Alkanet II

Anchusa tinctoria, orcanette, rothe Ochsenzunge, alcana, boglas

I don’t think I’ve had quite as much linguistic fun and dyepot surprises from any one plant before. While looking up names of alkanet in other languages, I went from English through Irish to ancient Greek, then back to German and Swedish. Let me explain…

The variety/varieties of Anchusa and related genus Pentaglottis are known in northern Europe as either bugloss or ox tongue. I couldn’t find one source that would tell me the name of Anchusa tinctoria in Irish/Gaelic (though I did come up with scorsa luibh, then found I couldn’t verify this anywhere else), so wondered if perhaps bugloss came from the Irish bog/bogach + glas =  green o’ the bog – that’s my name, not one I found somewhere else). Well, no. It appears that bugloss actually comes from Old French, from Latin, from ancient Greek and means “ox tongue”. Well, at least it would have fitted in nicely with Irish and not stuck out like a sore thumb… Nach bhfuil mo bhuglas alainn an bhliain seo! Any genuine gaeilgoir is welcome to make corrections here and should make allowances for a sassenach gan m(h)úinteoir.alkanet.jpg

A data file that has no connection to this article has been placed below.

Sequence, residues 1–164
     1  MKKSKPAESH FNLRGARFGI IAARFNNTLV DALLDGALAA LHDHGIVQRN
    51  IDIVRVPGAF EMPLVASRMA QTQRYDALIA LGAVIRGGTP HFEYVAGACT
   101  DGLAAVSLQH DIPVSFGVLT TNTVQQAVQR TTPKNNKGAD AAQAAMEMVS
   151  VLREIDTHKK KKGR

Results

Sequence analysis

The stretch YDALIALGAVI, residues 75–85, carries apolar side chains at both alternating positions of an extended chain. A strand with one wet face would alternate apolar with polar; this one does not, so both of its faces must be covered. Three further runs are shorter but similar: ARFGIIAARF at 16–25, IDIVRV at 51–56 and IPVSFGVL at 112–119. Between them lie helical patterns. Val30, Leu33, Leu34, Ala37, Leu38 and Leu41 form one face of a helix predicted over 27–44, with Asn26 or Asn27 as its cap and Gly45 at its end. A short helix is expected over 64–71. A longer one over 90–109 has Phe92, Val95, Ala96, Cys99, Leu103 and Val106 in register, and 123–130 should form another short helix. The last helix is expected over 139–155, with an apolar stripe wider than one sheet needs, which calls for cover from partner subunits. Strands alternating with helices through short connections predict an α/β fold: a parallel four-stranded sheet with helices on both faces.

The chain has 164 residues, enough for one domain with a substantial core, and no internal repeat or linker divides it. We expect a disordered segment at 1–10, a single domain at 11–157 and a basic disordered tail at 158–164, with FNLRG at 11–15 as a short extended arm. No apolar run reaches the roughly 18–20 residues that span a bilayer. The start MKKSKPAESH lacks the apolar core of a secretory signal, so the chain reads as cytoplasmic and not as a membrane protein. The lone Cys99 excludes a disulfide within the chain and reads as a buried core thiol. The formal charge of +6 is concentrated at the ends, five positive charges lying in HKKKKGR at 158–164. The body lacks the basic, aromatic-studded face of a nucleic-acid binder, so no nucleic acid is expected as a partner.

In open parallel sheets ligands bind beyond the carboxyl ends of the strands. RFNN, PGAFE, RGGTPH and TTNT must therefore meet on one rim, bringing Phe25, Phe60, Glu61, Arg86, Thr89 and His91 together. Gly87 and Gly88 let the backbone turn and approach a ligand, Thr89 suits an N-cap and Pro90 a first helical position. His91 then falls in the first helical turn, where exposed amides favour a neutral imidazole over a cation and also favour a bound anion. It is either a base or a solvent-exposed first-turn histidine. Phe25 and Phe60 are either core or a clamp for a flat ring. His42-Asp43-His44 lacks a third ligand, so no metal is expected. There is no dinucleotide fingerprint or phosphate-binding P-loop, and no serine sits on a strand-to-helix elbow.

OK, back to the dyepot… In an earlier post, I’d obtained pure black from steeping the roots in alcohol. This time I tried steeping the roots in water alone for a week, then doing the usual. The results were quite surprising, considering two Guild buddies had come up with purple and grey. All the shades ospoon.jpgbtained were quite distinct, but the most notable results were that no mordant keeps the red, whilst an alkaline modifier transforms the reds to green shades. Here’s an intersting source if you’re interested in the chemistry: green alkanet

So what happened to the purple? Have a look at the spoon which I hadn’t de-gunked before stirring. I may very well give this one more go before I give up. Beirthe caillte…

 

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